The History of Leather Part 21 – The Type G-1

Posted on 30/07/14

Now Im feeling so fly like a G-1, like a G-1, like a G-1 (1947)

Sure, the Air Corps had their Type A-2 jacket, and that was all fine and well, but what did the good people in the US Navy have to fit their servicemen with? The Type G-1, that’s what. The jackets that the “Top Gun” fellers wore? You know, with the fur-trimmed collar? Maybe the header image will jog your memory?

The G-1 was, and still is the uniform-issue jacket in the US Navy, US Marine Corps and US Coast Guard, for both administrative and aviation staff. Combining the fur collar of the Irvin jacket with the basic template of the Type A-2, the G-1 was overwhelmingly popular. It does differ slightly to the A-2, however – its body was more form-fitting, the front pockets used buttons instead of metal snaps, and the G-1 featured a Bi-Swing Back for easier arm movement. Riveting stuff, I know.

It wasn’t always known as the G-1 though. There were a number of bizarre codenames and acronyms that the G-1 was branded with before it became the G-1 after World War II – the M-442, the M-442A, the ANJ-3… It was a bit of a mess, frankly, but bear this in mind if you look for vintage versions of the jacket.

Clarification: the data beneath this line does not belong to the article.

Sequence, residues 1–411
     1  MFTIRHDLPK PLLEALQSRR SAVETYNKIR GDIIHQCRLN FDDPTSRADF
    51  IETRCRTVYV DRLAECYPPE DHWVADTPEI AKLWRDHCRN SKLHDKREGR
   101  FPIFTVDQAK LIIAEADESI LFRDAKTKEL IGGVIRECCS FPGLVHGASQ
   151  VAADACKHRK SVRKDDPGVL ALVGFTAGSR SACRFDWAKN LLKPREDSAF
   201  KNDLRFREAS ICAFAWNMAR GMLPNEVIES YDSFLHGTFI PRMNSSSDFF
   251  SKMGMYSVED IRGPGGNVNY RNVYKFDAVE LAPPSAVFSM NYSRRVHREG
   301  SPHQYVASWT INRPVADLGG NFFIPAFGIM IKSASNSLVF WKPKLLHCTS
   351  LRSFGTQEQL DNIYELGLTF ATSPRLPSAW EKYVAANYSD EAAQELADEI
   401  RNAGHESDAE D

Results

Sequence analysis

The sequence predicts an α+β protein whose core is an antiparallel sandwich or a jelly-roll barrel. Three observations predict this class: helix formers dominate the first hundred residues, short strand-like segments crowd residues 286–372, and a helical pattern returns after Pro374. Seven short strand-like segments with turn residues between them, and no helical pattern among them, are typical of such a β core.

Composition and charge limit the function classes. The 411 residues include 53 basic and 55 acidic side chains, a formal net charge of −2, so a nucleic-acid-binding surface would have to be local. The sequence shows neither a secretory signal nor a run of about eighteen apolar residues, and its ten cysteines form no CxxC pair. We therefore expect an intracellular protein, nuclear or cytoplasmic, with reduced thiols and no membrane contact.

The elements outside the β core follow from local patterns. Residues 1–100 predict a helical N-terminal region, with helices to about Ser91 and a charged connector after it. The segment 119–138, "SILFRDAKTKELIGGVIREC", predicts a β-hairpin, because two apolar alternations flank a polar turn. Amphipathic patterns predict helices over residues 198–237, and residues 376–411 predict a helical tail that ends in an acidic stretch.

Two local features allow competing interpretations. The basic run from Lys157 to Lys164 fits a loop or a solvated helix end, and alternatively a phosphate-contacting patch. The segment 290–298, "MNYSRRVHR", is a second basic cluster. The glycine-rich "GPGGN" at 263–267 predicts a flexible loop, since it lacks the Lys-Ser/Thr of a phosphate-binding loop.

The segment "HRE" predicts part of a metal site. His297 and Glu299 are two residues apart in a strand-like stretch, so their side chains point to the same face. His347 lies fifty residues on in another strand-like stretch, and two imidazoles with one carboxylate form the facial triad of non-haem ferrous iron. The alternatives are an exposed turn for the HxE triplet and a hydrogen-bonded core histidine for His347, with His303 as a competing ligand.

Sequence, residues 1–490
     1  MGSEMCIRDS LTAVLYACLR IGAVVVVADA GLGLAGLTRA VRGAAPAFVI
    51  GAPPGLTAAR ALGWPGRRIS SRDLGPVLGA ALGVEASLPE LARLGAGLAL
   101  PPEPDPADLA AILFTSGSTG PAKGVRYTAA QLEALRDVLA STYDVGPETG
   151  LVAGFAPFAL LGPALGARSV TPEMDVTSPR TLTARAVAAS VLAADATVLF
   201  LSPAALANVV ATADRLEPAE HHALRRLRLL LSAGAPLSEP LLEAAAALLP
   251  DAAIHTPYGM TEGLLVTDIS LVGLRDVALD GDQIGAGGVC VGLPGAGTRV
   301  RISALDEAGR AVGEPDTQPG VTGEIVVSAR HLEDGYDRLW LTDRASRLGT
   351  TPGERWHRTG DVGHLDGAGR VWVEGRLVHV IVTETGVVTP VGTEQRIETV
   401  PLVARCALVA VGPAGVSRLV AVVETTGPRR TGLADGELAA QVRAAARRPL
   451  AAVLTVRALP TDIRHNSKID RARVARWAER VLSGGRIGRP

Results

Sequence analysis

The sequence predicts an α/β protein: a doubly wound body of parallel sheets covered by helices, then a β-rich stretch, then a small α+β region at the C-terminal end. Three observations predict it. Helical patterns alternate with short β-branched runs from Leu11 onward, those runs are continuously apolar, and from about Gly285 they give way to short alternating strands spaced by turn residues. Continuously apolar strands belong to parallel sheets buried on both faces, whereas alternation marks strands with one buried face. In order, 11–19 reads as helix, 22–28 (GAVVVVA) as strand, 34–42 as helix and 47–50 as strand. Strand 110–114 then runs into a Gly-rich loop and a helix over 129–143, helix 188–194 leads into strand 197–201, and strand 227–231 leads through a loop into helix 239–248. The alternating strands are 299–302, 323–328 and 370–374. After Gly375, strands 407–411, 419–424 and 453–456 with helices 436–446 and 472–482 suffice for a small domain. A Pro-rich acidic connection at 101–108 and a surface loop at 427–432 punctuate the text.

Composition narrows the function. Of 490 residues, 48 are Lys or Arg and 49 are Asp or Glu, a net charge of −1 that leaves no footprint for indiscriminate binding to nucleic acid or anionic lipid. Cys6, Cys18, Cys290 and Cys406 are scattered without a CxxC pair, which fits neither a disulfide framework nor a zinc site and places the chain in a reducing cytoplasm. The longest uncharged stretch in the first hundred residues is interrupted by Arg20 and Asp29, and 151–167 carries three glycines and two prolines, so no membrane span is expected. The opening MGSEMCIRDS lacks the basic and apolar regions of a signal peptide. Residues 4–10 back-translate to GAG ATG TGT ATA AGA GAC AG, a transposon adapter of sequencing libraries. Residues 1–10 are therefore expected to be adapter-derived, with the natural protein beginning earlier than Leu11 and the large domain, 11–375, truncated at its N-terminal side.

A lot like the A-2, there was a brief period where the jacket was discontinued for budgetary reasons, but unlike the A-2, the period that the jacket was discontinued for was only two years. Also unlike the A-2, those that missed out were given them retrospectively when the discontinuation was eventually reversed.

Thanks to the runaway success of “Top Gun”, official military suppliers, along with less official suppliers, produced and sold their own variants on and replications of the G-1 formula to capitalise on that success.

There are few leather jackets that can claim to have the same commercial popularity as the G-1, or the A-2 for that matter. Plus, there are not many jacket designs that continue to be made for and distributed by the military, even if there are designs whose legacies continue in the replica market, and in aspects of their designs being carried through to modern leather jackets.

(Header image: Official portrait of Captain Robert Baker, courtesy of Heritage Flightgear Displays)

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